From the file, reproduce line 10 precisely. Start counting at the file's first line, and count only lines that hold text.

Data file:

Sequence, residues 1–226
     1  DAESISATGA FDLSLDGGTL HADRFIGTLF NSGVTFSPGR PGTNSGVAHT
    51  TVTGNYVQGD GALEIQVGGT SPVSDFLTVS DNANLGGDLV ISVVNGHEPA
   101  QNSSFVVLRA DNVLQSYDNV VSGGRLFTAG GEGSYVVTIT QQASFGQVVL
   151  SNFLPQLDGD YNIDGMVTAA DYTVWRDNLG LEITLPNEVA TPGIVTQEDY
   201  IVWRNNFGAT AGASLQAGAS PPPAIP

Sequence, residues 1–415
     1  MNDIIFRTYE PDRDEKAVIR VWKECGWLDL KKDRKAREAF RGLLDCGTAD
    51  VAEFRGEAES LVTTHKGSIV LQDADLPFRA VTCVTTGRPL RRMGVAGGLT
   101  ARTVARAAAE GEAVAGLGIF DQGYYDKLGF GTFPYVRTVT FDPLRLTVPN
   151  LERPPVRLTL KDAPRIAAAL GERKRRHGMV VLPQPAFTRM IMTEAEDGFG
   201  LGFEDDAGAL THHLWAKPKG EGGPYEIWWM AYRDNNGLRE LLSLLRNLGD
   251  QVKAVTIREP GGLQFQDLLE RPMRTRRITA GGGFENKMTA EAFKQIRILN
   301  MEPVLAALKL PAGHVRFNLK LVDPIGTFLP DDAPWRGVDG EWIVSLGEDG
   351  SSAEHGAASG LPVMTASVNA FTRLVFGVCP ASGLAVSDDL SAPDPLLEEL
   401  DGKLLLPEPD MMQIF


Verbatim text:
   101  ARTVARAAAE GEAVAGLGIF DQGYYDKLGF GTFPYVRTVT FDPLRLTVPN